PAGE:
If contracts are being extended automatically, it’s probably because that’s the way it has always been, at least within living memory.
While Sir Humphrey and his senior officials remain only nominally accountable to Parliament for how they spend taxpayers’ money, the easiest option of renewing or extending existing contracts will usually be seen as the best option.
It can be justified with “compelling” arguments such as a need to make an urgent decision in difficult circumstances, or the absence of alternative suppliers who have the necessary skills or the financial strength to accept the risks of failure.
Will anything change?
Until departments have to publish contemporaneously their intentions to award contracts without open competition or there is effective accountability within the civil service for major decisions, little is likely to change.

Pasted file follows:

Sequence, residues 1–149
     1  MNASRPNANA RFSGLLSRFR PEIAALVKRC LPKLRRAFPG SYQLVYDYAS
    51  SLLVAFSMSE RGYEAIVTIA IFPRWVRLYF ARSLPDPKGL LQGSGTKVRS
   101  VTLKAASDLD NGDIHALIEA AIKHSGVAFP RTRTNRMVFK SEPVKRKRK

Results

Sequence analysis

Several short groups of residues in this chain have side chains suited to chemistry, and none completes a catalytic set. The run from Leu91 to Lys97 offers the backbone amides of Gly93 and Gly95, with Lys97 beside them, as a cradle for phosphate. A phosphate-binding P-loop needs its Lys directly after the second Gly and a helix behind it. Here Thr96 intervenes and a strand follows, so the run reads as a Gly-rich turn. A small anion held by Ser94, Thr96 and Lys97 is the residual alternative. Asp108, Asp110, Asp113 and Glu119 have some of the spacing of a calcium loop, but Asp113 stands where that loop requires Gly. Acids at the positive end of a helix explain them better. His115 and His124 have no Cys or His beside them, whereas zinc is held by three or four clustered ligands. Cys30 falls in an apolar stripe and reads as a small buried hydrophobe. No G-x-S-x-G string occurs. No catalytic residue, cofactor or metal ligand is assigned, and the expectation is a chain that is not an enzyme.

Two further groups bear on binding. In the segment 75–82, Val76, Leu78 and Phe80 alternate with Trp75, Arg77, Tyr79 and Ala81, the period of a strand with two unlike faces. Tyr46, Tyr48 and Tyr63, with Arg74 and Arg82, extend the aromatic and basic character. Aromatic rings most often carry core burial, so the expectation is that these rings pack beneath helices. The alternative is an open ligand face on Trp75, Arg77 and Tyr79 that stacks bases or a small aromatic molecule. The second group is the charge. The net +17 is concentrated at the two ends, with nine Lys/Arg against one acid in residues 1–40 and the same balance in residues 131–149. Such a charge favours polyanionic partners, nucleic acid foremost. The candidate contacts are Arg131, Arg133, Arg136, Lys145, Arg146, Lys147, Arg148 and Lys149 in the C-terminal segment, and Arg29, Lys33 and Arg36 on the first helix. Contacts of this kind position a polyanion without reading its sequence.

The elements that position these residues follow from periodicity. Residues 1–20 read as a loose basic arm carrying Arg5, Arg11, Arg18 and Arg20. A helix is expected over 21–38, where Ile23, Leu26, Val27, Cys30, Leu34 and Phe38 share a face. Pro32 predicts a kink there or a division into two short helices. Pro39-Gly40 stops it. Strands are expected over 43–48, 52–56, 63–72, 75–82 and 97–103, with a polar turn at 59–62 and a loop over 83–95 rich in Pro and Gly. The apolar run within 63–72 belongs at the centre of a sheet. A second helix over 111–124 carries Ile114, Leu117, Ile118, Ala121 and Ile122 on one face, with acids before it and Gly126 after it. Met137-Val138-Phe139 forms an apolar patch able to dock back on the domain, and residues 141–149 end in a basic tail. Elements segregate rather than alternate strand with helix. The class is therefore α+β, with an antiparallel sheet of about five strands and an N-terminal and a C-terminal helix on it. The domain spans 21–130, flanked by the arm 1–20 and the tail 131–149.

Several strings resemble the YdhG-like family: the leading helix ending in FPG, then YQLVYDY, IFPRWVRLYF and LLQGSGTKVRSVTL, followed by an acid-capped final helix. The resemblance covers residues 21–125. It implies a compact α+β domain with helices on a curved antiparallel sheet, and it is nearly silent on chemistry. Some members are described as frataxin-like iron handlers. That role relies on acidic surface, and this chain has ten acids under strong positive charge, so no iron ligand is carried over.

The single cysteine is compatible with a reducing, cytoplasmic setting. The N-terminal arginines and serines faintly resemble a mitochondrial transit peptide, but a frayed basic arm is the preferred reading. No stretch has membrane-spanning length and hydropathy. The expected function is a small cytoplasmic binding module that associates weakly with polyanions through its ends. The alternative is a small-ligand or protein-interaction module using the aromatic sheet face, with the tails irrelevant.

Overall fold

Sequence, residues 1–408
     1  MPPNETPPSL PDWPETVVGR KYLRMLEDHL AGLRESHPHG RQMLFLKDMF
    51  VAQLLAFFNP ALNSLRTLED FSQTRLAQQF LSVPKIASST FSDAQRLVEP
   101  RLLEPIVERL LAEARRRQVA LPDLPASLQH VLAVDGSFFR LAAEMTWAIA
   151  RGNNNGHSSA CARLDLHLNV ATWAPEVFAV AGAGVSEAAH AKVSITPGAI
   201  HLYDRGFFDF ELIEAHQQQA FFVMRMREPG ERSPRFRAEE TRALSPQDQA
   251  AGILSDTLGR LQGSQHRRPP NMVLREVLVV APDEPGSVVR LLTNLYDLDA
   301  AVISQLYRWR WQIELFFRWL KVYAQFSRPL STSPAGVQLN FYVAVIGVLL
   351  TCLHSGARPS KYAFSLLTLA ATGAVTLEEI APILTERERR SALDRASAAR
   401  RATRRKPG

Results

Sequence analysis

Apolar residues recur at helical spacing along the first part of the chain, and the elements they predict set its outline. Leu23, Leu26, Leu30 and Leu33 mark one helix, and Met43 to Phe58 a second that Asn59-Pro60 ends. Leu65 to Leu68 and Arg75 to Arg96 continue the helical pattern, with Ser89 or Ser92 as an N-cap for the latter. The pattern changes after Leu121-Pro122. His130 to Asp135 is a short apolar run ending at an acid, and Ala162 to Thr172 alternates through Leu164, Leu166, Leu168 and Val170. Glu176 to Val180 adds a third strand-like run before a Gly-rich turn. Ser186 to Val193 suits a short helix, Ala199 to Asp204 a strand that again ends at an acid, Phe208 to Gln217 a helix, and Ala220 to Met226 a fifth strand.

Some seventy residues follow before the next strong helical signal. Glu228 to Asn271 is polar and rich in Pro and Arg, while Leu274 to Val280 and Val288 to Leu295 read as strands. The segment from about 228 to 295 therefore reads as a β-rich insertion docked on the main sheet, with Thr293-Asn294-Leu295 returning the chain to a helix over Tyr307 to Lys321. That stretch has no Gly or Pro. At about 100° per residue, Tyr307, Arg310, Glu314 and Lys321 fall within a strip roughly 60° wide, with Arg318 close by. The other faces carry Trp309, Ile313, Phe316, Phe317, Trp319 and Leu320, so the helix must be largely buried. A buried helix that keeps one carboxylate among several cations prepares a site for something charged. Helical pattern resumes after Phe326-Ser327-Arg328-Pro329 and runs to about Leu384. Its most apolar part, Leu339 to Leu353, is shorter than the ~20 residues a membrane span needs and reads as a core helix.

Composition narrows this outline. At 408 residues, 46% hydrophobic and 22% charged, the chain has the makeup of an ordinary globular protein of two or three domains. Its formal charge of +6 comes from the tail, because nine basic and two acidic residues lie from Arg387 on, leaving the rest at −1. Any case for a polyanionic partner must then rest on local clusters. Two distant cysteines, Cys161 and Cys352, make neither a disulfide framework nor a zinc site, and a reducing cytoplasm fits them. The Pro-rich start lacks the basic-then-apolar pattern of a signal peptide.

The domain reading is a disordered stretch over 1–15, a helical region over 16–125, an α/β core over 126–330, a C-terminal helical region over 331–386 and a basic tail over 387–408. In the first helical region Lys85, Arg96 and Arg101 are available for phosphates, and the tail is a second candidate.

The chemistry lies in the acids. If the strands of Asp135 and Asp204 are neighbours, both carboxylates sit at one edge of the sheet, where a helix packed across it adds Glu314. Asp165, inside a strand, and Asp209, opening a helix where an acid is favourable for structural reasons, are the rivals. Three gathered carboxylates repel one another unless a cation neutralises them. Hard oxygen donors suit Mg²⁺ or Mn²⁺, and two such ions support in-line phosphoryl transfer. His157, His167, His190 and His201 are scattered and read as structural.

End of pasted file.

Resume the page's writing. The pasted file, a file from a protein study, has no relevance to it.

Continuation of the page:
It hasn’t happened yet and there’s no reason to believe it will. Many politicians including prime ministers have tried to reform the civil service and they haven’t ruffled a single carpet in the corridors of Whitehall.
As Antony Jay, co-writer of Yes Minister, said in January 2013,
“The central anomaly is that civil servants have years of experience, jobs for life, and a budget of hundreds of billions of pounds, while ministers have, usually, little or no experience of the job and could be kicked out tomorrow.
” After researching and writing 44 episodes and a play, I find government much easier to understand by looking at ministers as public relations consultants to the real government – which is, of course, the Civil Service.”
In short, Brexit is likely to be officialdom’s up-to-date excuse for carrying on much as before.
Thank you to @TimMorton2 for alerting me to the FT article.